CANNES — Even at a more civilized festival such as Cannes, it can be hard to catch every single movie in competition. There are always a few that will slip through the cracks and you can always count on the inevitable life drama moment to rear its ugly head. Unlike other festivals, Cannes has less repeat screenings across the board. That also makes things tough for one person to chronicle it all.
CANNES — Italian filmmaker Paolo Sorrentino has already dipped his toe into the familiar genre of characters of a certain age reminiscing about the good old days with 2013's "The Great Beauty." He even won an Oscar for it. Two years later he returns to the Cannes Film Festival with "Youth," a follow-up that stands besides "Great Beauty" thematically while also presenting a decidedly different point of view.
[This review contains descriptions of graphic sexual acts.]
CANNES — The first shot of Gaspar Noé’s new drama “Love” lets you know exactly what you’ve gotten yourself into. Murphy (Karl Glusman) and Electra (Aomi Muyock) are naked on a bed. She is giving him a hand job while he fingers her. The camera does not move. There is no cut to another shot. There is no music. And then, in what will be a common occurrence, Murphy ejaculates in Electra’s hand. Noé has given you ample warning of what’s ahead. This film will not simulate sex. The intercourse will be real and it will dominate the proceedings.
CANNES — In 2001 Benicio Del Toro won an Oscar for his portrayal of a Mexican police officer attempting to take down the drug cartels in Steven Soderbergh’s “Traffic.” Fourteen years later he’s starring in another film about North America’s “drug war,” Denis Villeneuve’s “Sicario,” and the picture makes the disheartening argument that things may have actually gotten worse.
CANNES — Stop and think about it for a just a minute. Imagine a movie almost completely centered on individual emotions living in a young girl's head. Not a short, but a feature length film. It sounds like some sort of nightmare screenwriting assignment, doesn’t it? How do you explain how the emotions work? Do they control her every action? Do they grow and mature alongside her? How do you make a coherent, entertaining and moving experience out of that concept? Pete Docter, who previously directed one of Pixar's best films, "Up," doesn't make things easy on himself taking on that challenge and it makes the success of "Inside Out" more admirable than it initially might seem.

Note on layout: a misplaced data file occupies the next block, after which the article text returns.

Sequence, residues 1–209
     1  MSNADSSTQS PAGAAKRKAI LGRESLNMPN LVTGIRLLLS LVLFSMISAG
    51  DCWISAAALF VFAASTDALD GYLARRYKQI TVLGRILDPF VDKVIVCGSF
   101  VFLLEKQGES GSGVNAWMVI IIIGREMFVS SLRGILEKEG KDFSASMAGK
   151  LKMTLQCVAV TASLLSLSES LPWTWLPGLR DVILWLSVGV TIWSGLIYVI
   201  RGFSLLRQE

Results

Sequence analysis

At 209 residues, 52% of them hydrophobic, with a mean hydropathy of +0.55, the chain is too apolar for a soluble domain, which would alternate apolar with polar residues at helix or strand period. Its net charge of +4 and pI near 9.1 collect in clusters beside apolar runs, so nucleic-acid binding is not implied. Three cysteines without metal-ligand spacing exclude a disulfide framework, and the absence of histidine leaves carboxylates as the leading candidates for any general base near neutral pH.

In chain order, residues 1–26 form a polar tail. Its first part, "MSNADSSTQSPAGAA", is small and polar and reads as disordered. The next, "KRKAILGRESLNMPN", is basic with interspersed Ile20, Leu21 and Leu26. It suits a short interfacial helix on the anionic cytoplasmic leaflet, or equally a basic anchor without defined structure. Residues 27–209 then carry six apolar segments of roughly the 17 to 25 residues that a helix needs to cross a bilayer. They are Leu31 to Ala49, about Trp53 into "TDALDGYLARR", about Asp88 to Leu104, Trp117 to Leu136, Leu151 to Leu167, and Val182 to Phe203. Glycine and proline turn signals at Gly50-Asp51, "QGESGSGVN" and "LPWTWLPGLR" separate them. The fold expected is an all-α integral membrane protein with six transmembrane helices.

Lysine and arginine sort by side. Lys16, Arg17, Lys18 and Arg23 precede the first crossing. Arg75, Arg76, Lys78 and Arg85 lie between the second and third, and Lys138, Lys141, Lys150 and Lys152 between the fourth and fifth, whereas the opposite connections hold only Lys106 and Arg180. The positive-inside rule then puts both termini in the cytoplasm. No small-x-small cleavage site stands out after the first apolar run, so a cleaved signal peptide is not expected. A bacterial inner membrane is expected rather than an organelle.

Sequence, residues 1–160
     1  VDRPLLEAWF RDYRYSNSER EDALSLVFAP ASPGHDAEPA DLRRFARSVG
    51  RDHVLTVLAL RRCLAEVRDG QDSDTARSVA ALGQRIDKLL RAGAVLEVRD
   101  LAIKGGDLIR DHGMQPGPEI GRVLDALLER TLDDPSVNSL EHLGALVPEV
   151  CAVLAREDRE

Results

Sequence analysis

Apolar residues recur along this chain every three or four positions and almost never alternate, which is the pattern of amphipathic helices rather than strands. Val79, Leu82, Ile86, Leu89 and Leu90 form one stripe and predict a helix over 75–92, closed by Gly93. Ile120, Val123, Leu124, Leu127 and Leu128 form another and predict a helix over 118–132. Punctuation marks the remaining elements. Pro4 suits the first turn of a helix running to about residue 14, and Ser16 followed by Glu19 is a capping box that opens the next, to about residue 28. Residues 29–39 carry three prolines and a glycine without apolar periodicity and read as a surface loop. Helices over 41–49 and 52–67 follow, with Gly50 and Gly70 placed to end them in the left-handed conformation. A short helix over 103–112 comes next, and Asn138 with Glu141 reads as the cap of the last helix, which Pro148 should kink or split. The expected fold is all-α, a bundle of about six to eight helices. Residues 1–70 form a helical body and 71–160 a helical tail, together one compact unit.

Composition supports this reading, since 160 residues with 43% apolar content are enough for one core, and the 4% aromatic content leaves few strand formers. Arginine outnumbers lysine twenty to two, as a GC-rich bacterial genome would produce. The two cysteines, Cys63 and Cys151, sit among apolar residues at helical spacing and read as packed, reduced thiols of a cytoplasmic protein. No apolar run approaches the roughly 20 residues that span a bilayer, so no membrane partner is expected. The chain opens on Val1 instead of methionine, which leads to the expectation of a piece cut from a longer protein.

CANNES — There's nothing like a Cannes Film Festival press conference to stir things up a bit. This year we've already had Tom Hardy publicly apologize to director George Miller for his behavior during the filming of "Mad Max: Fury Road" and on Sunday none other than Cate Blanchett stoked the flames. Something tells us she's been waiting for the opportunity.
CANNES — A look across a crowded room. A hand on a shoulder, slightly longer than expected. A conversation of code words. In the McCarthy era, gay men and women were forced to follow societal norms, with even the most "obvious" gays and lesbians trapped in the closet. It is in this context that we are introduced to department store clerk Therese Belivet (Rooney Mara) and her new customer, the somewhat older Ms. Carol Aird (Cate Blanchett) in Todd Haynes' adaptation of the Patricia Highsmith novel, "Carol."
CANNES — There are two moments that stand out the most in Asif Kapadia's new documentary "Amy." They will haunt you.
CANNES — In the 25 years since his breakthrough film “Drugstore Cowboy” was released, Gus Van Sant has spent his time bouncing back and forth between the independent film world and more distinctly commercial endeavors. The style and tone of each work has clearly been dictated on the audience it's intended for and you can argue he’s only attempted to meet in the middle a few times, with the Oscar-nominated "Milk" or "Good Will Hunting." Van Sant’s latest work, "The Sea of Trees," sadly proves what a dicey proposition that can be.